Helping yourself without self-help

Help yourself!

I went to the local library the other day, just browsing through some of the old masters (Kerouac, Hemingway, Steinbeck et al.), when I came across a whole section of this beaten-down little building devoted to ‘self-help’. Looking through the titles of this wall-full of deriding literature, How to Get Skinny, How to Get Superskinny, How to Make Friends (I mean come on) and a whole shelf dedicated to Paul McKenna turning me into a Smarter, Thinner, Instantly-Confident ultra-human, I couldn’t believe how people actually buy into this nonsense. No doubt the surge in celebrity culture has something to do with it. An overweight woman flicks through her copy of Heat magazine and sees pictures of Beyonce and other perfect plastic cronies, then empties Waterstone’s of all their Get Skinny Quick books, comes to the conclusion it’s all far too hard and then returns to the fridge for comfort.

I suppose my major problem with self-help is the fact that I believe no person on earth has any right or authority to tell you what you should be. What gives our old friend Mr. McKenna the jurisdiction to tell us how to live? Who gave him this ridiculous power to influence the self-hating masses? As far as I’m concerned all he does is make money out of the modern person’s insecurity. He feeds off the underlying misery imposed on us by Vogue and Hello!.

Why becoming ‘better’ people is so important to us anyway remains a mystery that I’ll never understand. Frankly, if you want to make personal changes and have to buy a book in order to implement them, then you clearly haven’t got the heart and motivation for real change anyway. Condescending words on a page aren’t going to really make any difference to you, you can’t rely on phoney ‘doctors’ who studied Psychology for three months at the University of Hawaii to make you a more credible human. In all honesty, there’s very little that will change who you really are – of course, you can change your behaviour a bit and you can change how you treat other people, you know, all that extroverted socialising stuff, but it’s nigh-on impossible to change what’s in here (I’m pointing at my chest).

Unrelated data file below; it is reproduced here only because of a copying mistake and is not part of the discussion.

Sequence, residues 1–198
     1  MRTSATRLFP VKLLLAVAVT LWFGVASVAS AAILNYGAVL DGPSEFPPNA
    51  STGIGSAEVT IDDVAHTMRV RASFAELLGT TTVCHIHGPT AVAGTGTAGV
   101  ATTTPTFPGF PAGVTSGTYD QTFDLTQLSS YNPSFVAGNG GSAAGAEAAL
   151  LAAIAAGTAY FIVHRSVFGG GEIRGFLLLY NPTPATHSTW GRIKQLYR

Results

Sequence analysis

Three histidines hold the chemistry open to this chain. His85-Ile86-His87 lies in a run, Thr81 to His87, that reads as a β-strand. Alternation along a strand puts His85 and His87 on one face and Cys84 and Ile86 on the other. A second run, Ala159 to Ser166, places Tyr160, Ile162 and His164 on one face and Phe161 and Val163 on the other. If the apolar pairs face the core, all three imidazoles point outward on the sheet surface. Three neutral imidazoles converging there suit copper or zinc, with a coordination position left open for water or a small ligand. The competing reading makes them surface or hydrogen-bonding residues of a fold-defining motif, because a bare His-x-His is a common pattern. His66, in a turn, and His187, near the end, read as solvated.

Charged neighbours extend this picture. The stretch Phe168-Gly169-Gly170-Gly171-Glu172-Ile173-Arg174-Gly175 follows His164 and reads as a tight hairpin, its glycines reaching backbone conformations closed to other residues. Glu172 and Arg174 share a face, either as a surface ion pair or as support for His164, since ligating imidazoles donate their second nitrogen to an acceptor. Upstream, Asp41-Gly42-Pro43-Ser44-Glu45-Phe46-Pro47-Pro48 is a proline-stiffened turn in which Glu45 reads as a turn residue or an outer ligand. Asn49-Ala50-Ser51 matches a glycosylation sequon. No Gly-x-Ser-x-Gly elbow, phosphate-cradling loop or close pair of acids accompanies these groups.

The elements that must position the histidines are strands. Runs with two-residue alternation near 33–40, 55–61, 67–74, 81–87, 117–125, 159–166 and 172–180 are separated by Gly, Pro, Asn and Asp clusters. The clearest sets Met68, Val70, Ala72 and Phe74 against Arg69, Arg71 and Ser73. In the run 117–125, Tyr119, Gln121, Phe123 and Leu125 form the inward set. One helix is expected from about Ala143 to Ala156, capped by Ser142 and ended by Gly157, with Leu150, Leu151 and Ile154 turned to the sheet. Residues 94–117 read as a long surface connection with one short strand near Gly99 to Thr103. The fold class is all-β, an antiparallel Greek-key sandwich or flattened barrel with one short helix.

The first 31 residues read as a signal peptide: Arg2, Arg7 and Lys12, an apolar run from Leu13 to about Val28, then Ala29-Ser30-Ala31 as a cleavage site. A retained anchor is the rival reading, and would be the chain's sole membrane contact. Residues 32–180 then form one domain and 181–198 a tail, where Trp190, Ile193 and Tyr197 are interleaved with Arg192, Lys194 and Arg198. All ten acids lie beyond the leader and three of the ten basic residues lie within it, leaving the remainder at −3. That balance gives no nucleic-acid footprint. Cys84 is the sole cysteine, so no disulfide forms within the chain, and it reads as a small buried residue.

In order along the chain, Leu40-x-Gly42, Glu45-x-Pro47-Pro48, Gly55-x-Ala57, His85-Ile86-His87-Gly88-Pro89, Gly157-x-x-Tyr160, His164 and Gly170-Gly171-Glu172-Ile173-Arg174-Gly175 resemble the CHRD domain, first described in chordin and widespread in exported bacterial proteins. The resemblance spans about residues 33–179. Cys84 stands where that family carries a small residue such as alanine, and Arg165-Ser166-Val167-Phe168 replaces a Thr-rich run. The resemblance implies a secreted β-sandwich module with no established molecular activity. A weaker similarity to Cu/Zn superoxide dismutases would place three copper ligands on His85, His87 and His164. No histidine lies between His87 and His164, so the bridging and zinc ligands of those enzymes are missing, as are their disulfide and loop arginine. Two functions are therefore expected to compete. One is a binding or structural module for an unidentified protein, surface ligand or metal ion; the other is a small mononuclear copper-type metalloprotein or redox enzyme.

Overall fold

Now I don’t mean to preach at you, heaven knows the world doesn’t need another personality-preacher, but what advice I will give you is this: if you want to really realign your feelings, if you want some real inspiration to get out of Comfortville and into a more fulfilling life, then the only piece of literature you’ll need on that tortured bookshelf is Fight Club.

Even if you haven’t read the novel or seen the film, you’re likely to have at least heard about it. Truth be told I have never come across more eye-opening material. It really puts this whole Life business into perspective. Those familiar with it will be acquainted with its brutal honesty and radical sense of self. If one really takes on board what the ideology of the story is putting across, then those nicely cushioned walls that the discerning self-helper has built around them will be well and truly shattered. That was the case for me. Ever since I first watched that soul-dead Narrator sitting next to the exotically cool Tyler Durden, my views of myself and the world were turned upside-down. This bare-knuckled reality is where it’s at. Of course, I’m not saying I took it as far as forming an underground neo-Communist movement and violently dismantled all corners of consumerism, but the way I looked at my life altered and change has been happening slowly ever since.

It’s a wake-up call, a hard-hitting uppercut into the sudden realisation that there’s more to life than Losing Weight and A Brand New iPhone When There’s Nothing Wrong With Your Old One. The way I see it, Fight Club appeals to the most primal and natural of human instincts, so its message can’t be ignored.

I’m not going to write down the story’s ideas for you, because that would incite laziness on your part and that’s a particular antithesis of the Fight Club mentality. Read it and watch it, and take what you will from it. But please don’t be fooled into thinking that, every time you pick up a personality guide, you are more than a money-making vehicle for Dr. Honey Flower the ‘happiness guru’. Because ultimately, how credible can advice be when it comes from a person who doesn’t even know you. Self-help books are written based on the theory that every single human being is an overweight, unhappy, middle-aged melting pot of stress and emptiness. Is that really who you are?

Now put down the endless reams of McKenna nonsense. Haven’t you got anything better to do?

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